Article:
from Follow the Money

Two reasons why I am cautious about predicting a big turn in the trade deficit

January 8, 2007

Blog Post
Blog posts represent the views of CFR fellows and staff and not those of CFR, which takes no institutional positions.

More on:

United States

Budget, Debt, and Deficits

Trade

1. A rising fraction of the Toyotas sold in the US are now made in Japan. 

The Journal:

Toyota has said it aims to produce in North America two-thirds of the overall number of vehicles it sells here. Its chairman, Fujio Cho, has said the ratio ideally should reach as high as 75%. But rising imports have sent Toyota's North American production ratio slipping to 54% in 2006. ….

according to an internal Toyota document reviewed by The Wall Street Journal, Toyota's North American production ratio, or "NAP ratio," will remain around 55% this year, 54% next year and 57% to 62% in 2009. It doesn't expect it to recover to 60%-65% levels until 2010 when its eighth North American site ramps up to its capacity.  Jim Press, the senior-most American executive at Toyota, said last month that Toyota's North American production ratio is slipping because of a sudden surge of demand in the U.S. for smaller fuel-efficient cars that coincided with a run-up in gasoline prices last year. The NAP ratio slide is "temporary" as Toyota is meeting an unanticipated rise in demand for small cars, which Toyota doesn't produce in North America ... .

And with the yen at 115-120, I don’t see why Toyota has a strong incentive to ramp up US production all that rapidly.  That matters.  Remember, a surge in transplant production after the yen rose in the 80s was a key reason why the US trade deficit came down back then. (See Figure 1.2)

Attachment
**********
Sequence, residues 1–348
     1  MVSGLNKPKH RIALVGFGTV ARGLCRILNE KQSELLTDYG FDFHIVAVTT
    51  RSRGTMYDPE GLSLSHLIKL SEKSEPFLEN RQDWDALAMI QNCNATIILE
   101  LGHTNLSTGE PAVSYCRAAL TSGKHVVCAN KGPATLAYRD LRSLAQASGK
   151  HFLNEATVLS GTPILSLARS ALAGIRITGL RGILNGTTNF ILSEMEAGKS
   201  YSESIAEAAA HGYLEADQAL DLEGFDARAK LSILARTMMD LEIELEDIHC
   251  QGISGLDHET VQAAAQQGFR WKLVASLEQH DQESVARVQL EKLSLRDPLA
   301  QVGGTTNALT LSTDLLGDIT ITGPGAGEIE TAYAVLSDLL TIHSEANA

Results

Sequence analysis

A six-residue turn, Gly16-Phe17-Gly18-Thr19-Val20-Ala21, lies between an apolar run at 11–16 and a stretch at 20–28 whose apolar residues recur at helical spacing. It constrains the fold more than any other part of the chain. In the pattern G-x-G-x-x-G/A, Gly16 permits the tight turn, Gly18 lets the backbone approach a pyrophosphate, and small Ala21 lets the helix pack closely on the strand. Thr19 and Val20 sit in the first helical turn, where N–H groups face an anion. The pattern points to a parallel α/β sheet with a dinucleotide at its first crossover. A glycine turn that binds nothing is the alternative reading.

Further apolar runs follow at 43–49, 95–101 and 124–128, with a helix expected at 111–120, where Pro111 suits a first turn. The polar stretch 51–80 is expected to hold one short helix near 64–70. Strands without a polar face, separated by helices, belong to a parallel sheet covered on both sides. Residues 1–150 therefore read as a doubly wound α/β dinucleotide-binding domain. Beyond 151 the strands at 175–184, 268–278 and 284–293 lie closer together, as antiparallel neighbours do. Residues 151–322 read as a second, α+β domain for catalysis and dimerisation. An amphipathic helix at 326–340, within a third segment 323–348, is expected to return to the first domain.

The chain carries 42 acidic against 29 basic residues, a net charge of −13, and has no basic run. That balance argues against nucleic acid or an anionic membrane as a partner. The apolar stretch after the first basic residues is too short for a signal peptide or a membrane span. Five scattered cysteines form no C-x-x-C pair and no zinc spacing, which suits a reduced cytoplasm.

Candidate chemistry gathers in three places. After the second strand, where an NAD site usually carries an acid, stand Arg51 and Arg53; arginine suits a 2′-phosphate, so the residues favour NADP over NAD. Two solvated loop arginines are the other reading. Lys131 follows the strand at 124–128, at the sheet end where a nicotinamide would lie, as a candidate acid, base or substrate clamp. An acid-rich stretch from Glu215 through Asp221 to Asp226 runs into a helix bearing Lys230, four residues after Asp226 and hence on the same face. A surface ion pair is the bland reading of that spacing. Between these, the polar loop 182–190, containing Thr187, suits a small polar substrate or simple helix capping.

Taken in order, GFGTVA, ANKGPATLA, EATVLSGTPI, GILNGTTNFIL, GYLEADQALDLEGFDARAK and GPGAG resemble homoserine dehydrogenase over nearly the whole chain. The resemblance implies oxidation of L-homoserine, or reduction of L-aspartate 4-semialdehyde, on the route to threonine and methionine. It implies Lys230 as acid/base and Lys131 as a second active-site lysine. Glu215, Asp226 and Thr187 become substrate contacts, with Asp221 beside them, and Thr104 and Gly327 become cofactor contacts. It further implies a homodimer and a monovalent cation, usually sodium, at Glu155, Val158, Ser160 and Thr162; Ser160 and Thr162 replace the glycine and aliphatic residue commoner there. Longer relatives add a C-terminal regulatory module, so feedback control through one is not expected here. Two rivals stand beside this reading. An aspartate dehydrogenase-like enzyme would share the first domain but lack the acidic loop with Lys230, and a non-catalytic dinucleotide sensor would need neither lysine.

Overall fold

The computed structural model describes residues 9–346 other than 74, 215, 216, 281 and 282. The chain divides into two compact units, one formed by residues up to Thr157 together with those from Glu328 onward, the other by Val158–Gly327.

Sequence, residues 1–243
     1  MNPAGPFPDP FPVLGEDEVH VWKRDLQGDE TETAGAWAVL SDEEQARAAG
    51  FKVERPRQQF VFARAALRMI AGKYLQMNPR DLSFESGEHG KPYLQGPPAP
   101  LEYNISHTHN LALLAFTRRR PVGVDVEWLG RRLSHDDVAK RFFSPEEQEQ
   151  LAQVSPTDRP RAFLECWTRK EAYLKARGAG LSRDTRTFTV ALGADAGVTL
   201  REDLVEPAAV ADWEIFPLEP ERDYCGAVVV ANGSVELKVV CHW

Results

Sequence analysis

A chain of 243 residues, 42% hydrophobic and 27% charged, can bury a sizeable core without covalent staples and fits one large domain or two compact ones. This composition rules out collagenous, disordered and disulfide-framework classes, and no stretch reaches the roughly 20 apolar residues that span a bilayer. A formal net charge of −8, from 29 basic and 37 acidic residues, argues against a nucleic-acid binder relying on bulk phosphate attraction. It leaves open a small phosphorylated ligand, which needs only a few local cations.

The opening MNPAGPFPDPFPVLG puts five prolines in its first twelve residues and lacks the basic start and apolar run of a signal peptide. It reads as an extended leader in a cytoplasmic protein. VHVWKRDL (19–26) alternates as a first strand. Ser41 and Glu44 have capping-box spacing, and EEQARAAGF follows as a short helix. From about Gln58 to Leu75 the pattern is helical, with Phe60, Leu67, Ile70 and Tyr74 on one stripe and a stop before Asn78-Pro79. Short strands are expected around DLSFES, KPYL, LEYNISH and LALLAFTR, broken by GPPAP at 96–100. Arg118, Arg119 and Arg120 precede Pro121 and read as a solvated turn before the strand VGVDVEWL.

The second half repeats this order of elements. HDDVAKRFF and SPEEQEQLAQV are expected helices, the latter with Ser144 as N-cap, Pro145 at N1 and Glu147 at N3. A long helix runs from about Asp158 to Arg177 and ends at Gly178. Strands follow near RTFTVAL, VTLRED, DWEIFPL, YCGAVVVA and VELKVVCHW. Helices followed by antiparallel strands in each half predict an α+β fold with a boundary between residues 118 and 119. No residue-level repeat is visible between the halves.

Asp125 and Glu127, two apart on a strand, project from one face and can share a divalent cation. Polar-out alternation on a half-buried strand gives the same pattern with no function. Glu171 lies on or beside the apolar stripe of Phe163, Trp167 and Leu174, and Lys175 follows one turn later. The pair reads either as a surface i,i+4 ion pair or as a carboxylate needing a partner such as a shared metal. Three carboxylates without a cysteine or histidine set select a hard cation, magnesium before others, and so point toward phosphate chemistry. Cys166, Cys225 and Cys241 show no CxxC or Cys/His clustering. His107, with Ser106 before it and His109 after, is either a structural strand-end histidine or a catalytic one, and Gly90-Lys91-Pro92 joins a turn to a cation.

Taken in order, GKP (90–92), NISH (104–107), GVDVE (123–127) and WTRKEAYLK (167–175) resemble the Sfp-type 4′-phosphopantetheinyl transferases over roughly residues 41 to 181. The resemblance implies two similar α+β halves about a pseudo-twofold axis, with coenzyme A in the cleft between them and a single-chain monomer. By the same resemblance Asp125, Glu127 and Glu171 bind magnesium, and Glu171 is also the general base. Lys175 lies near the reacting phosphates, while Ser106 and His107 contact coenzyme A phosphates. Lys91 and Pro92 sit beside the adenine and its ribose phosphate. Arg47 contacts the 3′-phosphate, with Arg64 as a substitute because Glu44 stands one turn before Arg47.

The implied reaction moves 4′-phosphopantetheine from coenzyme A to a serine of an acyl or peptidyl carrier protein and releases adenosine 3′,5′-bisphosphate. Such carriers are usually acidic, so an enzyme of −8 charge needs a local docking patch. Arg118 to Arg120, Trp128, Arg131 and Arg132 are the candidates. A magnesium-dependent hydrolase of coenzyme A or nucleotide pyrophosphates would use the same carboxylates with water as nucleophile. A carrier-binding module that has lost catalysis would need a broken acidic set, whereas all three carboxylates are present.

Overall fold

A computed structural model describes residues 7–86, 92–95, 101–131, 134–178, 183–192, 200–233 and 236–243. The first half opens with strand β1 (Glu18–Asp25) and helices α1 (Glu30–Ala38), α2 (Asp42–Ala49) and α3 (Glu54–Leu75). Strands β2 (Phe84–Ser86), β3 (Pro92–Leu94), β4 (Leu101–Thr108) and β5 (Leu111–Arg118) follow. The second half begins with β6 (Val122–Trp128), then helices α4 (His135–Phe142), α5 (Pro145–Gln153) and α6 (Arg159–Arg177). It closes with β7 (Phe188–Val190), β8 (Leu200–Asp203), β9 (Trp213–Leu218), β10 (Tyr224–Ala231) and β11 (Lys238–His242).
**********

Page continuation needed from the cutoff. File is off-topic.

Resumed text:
In some sense the rising share of Toyota’s imported from Japan is indicative of a broader problem.  All global auto companies more or less had the same strategy: they made big SUVs in the US and made small cars outside the US.  That has left the US with a gap between the capital stock it needs and the capital stock it has … in this case, one specific to the automobile industry.

2. The imported content of some US exports looks set to rise.  

No industry generates more exports than aircraft;  Boeing’s recent run of success one of the reasons why US exports are rising strongly.   

But a rising fraction of Boeing’s future production likely will be composed of imported parts.  Those gangly 747u’s aren’t just going to be used to fly components from Wichita to Seattle.   

One other thing.  Boeing exports have gone up (way up) in part because US airlines haven’t been buying planes.   That freed up Boeings for export – and also reduced US imports of Airbuses.   By my count, only 2 of the 91 widebodies Boeing delivered in 2006 went to US airlines.   At some point, though, US airlines will have to renew their fleets.

I usually focus on financial variables, but reducing the trade deficit on a sustained basis ultimately requires real adjustment – a higher US content of the average car sold in the US market; rising US content in the United States biggest export industry and so on.   Right now, the evidence supporting such changes is decidedly mixed.

And yes, reducing the trade deficit also requires some reduction in the pace of overall US demand growth, something that also hasn’t happened on a sustained basis.  And if the US avoids a housing-induced recession on the back of the ever resilient US consumer, well, it might not happen in 2007 either.   The world economy will revert back to growing the way it has grown for most of the past five years -- on the back of strong US (and increasingly European) consumer demand, Asian supply and Asian financing.

More on:

United States

Budget, Debt, and Deficits

Trade

Up
Close